In Connecticut, the Arborist Law focuses primarily on what would most often be called “commercial arboriculture” – work done to improve the health of individual trees on a client’s property. An example of commercial arboriculture might be work done to care for a large oak in a backyard that has a dead limb and has suffered gypsy moth damage. It is for this sort of work in Connecticut that an individual must be a Connecticut Licensed Arborist and the business through which this work is being conducted must be a registered Arborist Business.
In commercial arboriculture, it should be pointed out that not all of the tree work must be done by a licensed arborist. Often, the actual tree work (pruning, integrated pest management work, and so on) is performed by trained individuals who are doing this work under the supervision of a licensed arborist. The diagnosis of the
Consulting arborists are often arborists with a specialty in some aspect of arboriculture. Consulting arborists are often hired in circumstances in which a client wishes to know about the condition of an individual tree in greater detail than would normally be sought in commercial arborists. Consulting arborists are often involved in providing expert testimony in legal disputes and in situations in which complex planning regarding trees is required.
To learn more about consulting arborists, visit the American Society of Consulting Arborists web page.
Public Service Utilities employ utility arborists to assist in the management of the many thousands of miles of roadside wires that distribute such essential services as electricity. Utility arborists are responsible for managing the roadside vegetation, including trees, that grows in conjunction with this utility infrastructure.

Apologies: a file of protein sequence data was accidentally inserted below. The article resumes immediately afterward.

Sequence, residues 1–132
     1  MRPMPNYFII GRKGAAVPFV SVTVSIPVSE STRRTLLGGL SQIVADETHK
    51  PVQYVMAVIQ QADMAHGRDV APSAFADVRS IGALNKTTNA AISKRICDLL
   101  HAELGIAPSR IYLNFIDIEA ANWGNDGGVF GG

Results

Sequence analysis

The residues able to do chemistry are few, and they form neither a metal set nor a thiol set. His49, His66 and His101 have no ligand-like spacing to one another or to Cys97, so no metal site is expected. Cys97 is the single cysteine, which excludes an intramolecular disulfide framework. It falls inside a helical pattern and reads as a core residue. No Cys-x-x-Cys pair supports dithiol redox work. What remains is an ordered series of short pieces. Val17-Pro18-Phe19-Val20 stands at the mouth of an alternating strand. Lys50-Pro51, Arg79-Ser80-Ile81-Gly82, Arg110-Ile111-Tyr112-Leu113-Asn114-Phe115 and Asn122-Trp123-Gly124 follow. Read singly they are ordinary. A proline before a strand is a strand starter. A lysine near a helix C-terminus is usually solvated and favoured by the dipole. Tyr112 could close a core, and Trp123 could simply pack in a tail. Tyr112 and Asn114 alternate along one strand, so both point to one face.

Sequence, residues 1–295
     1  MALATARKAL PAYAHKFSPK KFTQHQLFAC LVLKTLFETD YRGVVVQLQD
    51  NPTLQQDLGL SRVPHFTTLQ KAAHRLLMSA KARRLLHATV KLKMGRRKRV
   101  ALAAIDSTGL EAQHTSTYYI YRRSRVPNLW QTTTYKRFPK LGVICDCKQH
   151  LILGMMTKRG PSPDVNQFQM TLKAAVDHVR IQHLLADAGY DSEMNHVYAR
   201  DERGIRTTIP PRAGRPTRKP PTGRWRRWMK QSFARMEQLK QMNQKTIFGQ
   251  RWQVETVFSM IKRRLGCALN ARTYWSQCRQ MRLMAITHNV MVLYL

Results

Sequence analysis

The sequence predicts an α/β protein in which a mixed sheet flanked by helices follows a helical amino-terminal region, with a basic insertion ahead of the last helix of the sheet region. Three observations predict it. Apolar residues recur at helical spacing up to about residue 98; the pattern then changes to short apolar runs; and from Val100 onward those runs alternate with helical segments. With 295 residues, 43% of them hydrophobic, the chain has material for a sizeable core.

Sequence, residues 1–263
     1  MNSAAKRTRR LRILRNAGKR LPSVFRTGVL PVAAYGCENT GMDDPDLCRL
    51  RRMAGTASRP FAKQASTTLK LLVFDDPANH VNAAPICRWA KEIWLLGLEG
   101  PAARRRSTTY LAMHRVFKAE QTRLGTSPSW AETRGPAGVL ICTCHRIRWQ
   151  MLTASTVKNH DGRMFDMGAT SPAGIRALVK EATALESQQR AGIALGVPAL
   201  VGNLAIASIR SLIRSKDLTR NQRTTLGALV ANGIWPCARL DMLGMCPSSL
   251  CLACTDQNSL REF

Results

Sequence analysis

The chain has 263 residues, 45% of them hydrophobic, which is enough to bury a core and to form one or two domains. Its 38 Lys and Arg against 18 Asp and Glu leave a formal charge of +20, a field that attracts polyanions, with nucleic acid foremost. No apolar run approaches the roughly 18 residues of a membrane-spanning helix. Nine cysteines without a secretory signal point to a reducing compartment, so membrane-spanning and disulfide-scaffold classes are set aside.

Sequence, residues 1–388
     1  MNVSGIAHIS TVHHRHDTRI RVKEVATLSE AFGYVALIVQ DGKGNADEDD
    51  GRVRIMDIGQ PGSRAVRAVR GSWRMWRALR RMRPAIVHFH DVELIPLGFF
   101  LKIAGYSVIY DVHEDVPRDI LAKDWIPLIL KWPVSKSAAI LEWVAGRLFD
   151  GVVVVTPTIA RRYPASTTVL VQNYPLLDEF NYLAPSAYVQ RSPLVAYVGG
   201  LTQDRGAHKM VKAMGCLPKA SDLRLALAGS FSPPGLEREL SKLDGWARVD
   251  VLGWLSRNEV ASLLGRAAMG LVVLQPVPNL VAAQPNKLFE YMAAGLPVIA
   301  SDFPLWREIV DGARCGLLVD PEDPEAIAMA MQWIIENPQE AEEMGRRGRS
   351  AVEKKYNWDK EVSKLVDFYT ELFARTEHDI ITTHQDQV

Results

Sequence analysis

To learn more about utility arborists, visit the Utility Arborist Association web page.
Municipal Arborists, City Foresters and Tree Wardens
Cities and towns are responsible for managing the many public trees that grow on municipal properties around the state. These include street trees, park trees, trees on school grounds and more. With regards to utilities, utility arborists work with the local tree warden in managing public trees that are found near such utility infrastructure as overhead wires.
Connecticut has a Tree Warden Law that requires each municipality in the state to appoint a qualified tree warden. One of the potential qualifications that would allow for an individual to be appointed as a tree warden is for that individual to be a Connecticut Licensed Arborist.
To learn more about municipal arborists generally, visit the Society of Municipal Arborists web site.
To learn more about tree wardens in Connecticut, including to learn who is your tree warden, visit the web site for the Tree Wardens Association of Connecticut.
Click the button below for a searchable listing of all fully-registered, legal Arborist Businesses in Connecticut.